“No, Christians aren’t idiots, at least no more than the average person. I was a devout Christian for thirty years, and I wasn’t unintelligent, nor did my IQ change when my religious label changed. I considered myself thoughtful, moral, reasonable, and at least as smart as the average person. In other words, I wasn’t an idiot. Yet strangely, I often sounded like one.”  

 

His new book is highly readable—as one would expect of a superb communicator—and provides razor-sharp critique of quite a few aspects of Christian thought, divided into fourteen chapters. The fifteen chapter is titled, Reflection—Pointing the Finger Back at Myself. Please take a quick tour of all the chapter titles via the “Look Inside” feature on Amazon. It is, in fact, an entertaining as well as informative read. Having been immersed in conservative Christianity for thirty years, Andrews has substantial expertise upon which to base his analysis. 

 

I found myself cheering through all these chapters, but here I can focus on just a few of Andrews’ points. I’ll mention three that resonated with me especially.

 

I suppose one of the greatest irritants, as I try to engage Christians in discussion of their faith, is their substandard knowledge of the Bible. They (supposedly) cherish it as God’s word, so would it not, by virtue of that status, be read and studied obsessively? Instead of watching a movie, how about reading Paul’s Letter to the Romans to discover God’s wisdom for us there? Sad to say, this rarely happens, and Andrews addresses this shallow grasp of the Bible in his Chapter 6, “Hell If I know—When Christians Don’t Know Their Bibles.”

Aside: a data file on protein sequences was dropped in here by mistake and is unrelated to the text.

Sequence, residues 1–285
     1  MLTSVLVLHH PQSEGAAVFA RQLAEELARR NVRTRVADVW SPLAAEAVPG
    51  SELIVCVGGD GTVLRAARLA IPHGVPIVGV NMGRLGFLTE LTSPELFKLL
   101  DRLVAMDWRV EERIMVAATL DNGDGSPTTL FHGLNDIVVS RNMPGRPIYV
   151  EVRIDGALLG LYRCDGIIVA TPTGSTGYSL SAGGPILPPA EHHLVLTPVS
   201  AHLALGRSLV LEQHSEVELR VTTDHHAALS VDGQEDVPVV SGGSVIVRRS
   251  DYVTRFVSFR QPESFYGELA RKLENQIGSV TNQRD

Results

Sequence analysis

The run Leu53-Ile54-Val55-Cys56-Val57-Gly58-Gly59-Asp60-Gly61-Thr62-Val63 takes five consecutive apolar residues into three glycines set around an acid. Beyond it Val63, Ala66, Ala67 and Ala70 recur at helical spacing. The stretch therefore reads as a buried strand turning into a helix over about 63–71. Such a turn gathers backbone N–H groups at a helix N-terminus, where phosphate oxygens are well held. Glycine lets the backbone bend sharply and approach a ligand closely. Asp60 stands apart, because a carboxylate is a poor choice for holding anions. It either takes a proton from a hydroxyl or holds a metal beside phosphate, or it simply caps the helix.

He describes his discovery of Christian ignorance of their scripture by selecting really horrible stories in the Bible, but presenting them to devout readers as excerpts from the Qur’an. Of course, they have no use for Islam, and are scandalized by these accounts of divine cruelty. But then Andrews lets them know these are Bible stories:

 

“The reactions are almost always the same: disbelief, then denial. The instant and appropriate outrage against the perceived Quranic tales morphs into a litany of excuses and equivocations. It was a different time. The Lord had to be stricter in those days. The story is not literal but parable.”  (p. 67)